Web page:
In addition, developers can still make mistakes. Just because a package is more complex, and very professionally developed does not always mean it is correct. It is entirely possible for bugs, or simple misunderstandings by the developer to find their way into the projects. So there will always be legitimate short-comings in projects as well. However, as the projects become more complex and realistic, more often, it will be the professionals with experience in that aircraft type that will spot these problems first. As some of these bugs and inaccuracies are so obscure, that it would take a lot of real-world systems knowledge in some cases, to even know that there is a problem.

If the serious flight simmer wants to be involved with this growing process within our community, what can they do? They can take the time to learn about individual aircraft, and really enjoy that process. Hopefully, we will see the end of the "one size fits all" helicopter approach. Instead, we will see packages that require some level of learning that is specific to that package. A type of package, that once mastered, would leave the virtual pilot with a strong sense of accomplishment and mastery. This is one of the greatest feelings that flight simulation can provide. Especially when the aircraft being simulated is accurate and complex.

What can developers do? They can try to provide the type of information that the serious user would need in order to begin educating themself on a particular aircraft's functionality and behavior. Aeroworx is once again a good example of a developer that included a spectacular set of documentation for their aircraft. The type of documentation that users routinely chose to print and have available during flight operations. This type of documentation can be considered a project in itself, and is a large undertaking to do well. Even when done well, and made available to the users, it doesn't answer every question and concern.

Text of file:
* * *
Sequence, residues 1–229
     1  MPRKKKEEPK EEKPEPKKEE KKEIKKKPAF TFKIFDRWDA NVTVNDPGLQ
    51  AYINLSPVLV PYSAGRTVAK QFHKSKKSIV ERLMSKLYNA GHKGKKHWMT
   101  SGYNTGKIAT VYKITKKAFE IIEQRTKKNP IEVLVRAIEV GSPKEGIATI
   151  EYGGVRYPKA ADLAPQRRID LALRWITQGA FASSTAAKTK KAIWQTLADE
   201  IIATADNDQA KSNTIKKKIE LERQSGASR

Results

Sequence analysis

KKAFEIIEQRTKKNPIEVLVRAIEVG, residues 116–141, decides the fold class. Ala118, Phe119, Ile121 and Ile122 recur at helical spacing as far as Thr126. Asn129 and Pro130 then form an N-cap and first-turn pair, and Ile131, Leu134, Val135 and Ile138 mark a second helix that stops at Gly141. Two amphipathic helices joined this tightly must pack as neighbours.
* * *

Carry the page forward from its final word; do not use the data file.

Developers can also make sure that a core group of serious flight simmers get some special training on how to use the package properly. These people can than help the large number of other simmers that will no doubt have many questions. Most developers have highly dedicated users that will take the time to help educate others. Programs that help reward, or give credit, to these types of users will probably become more popular. As their role becomes more important. We are already starting to see this type of relationship with users expanding as certain developers create banners and signature images so that their most ardent followers can signify that they are very familiar with a particular aircraft.

As aircraft become more complex and accurate in terms of systems and behavior, websites like Hovercontrol can also incorporate training ideas that are no longer generic to flight operations, but might actually focus on particular aircraft types. For example, courses that are specifically tailored to help virtual pilots get the most out of a particular aircraft type. Much like the real-world has training for specific aircraft types.

Flying a good flight properly, is a great feeling. Doing the same with a highly realistic aircraft is goint to be even better. So we certainly have a lot to look forward to!